Thursday, December 06, 2007

Sask. Party Prince Albert Carlton MLA Darryl Hickie back-peddles on pulp mill election promise; issue referred to flawed Enterprise Saskatchewan


“A vote for Darryl is a vote for the mill open.”
– Darryl Hickie 2007 campaign sign
Darryl Hickie was sworn in as the Saskatchewan Party MLA for Prince Albert Carlton on Dec. 4, 2007, and is the new Minister of Corrections, Public Safety and Policing. With the ink barely dry on his appointment a sense of betrayal among some in the community appears to be setting in.

During the 2007 provincial election Hickie allegedly made promises concerning the Prince Albert Pulp Mill.

According to Wall says ‘spirit’ in deal to reopen Sask mill stands even after money pulled (Canadian Press, Dec. 4, 2007) Hickie’s campaign signs read “a vote for Darryl is a vote for the mill open.”

In Hickie vows to work for mill deal (StarPhoenix, Dec. 5, 2007) StarPhoenix reporter James Wood said Hickie told voters on the doorstep that “a vote for Darryl Hickie is a vote to open the mill.”

Hickie now appears to be back-peddling on his promise.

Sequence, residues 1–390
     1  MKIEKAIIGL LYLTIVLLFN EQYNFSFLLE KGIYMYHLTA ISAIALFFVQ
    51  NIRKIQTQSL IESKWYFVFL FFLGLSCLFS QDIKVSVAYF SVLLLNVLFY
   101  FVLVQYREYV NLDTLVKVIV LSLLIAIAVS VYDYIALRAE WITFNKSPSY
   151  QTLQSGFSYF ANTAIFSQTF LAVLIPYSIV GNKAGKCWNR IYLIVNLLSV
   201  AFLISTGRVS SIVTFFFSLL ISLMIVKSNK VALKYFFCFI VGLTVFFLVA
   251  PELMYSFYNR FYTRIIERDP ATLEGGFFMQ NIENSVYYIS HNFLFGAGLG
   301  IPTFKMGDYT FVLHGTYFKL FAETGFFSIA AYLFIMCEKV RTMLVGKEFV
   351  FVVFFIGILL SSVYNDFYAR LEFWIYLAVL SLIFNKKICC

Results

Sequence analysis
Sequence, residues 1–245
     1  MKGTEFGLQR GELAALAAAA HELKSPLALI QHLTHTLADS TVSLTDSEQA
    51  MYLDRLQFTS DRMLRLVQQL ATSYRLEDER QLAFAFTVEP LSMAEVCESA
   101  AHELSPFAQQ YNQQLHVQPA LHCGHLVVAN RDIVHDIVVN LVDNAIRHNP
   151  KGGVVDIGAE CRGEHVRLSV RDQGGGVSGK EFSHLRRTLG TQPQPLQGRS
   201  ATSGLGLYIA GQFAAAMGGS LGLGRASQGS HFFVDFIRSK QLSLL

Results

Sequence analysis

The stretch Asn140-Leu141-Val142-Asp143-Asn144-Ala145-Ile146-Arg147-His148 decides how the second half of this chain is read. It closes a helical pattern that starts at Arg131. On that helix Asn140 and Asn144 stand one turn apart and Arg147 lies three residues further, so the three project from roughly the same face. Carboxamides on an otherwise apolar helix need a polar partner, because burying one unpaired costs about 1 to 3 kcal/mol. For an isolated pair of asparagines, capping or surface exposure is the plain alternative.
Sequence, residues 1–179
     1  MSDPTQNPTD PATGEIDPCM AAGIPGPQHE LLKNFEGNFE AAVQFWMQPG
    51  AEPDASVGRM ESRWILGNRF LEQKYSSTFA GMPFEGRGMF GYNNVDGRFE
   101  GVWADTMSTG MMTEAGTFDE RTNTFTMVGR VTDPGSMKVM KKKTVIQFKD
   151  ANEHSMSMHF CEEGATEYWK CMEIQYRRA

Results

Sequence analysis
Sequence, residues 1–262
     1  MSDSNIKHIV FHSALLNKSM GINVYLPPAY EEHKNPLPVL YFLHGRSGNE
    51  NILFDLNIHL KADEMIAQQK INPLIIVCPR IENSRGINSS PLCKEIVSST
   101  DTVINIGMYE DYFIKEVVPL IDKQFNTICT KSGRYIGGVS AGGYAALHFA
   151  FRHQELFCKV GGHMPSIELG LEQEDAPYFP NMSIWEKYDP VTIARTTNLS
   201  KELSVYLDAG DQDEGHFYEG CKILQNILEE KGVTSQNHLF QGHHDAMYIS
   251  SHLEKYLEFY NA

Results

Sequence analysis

On November 30, 2007, the provincial government announced that it “notified Domtar that it wants to continue discussions about the reopening of Domtar’s mills in northern Saskatchewan, but it will not proceed with the Memorandum of Understanding (MOU) signed in September by the former government.”

The news release said the Government will not offer any grants, loans or equity investments to Domtar, but is prepared to discuss other options.

Following the announcement Domtar issued its own press release saying “the Government’s decision to withdraw its support narrows down Domtar’s options regarding the Prince Albert facilities.”

In New Saskatchewan gov’t pulls out of Domtar deal to reopen Prince Albert pulp mill (Canadian Press, Nov. 30, 2007) Domtar said the chances of the mill reopening now are “really diminished.”

“We had worked in good faith over the last 14 months on a very complex project and now we see this project being canned,” said Michel Rathier, a spokesman with the Montreal-based company.

“We’re disappointed by this, but was it a shock? It was not a shock.”

Saskatchewan Party Resources Minister Bill Boyd said he “did not know how much it would cost taxpayers to walk away from the deal, but said it won't be significant.”

Prince Albert Mayor Jim Scarrow said he hopes the government realizes that opening the mill in the city is about helping a whole industry, not just one facility.

“People often look at a pulp mill as a stand-alone, but it is the key to an entire forestry industry,” Scarrow said.

“This is a matter of serious consequence to our province and it need not be taken lightly.”

In Pulp mill deal killed (P.A. Daily Herald, Dec. 1, 2007) Prince Albert Carlton Sask. Party MLA Darryl Hickie called the decision “the best deal for the people of Saskatchewan”, and added the government is willing to sit down with Domtar “any time to continue the avenue of negotiations.”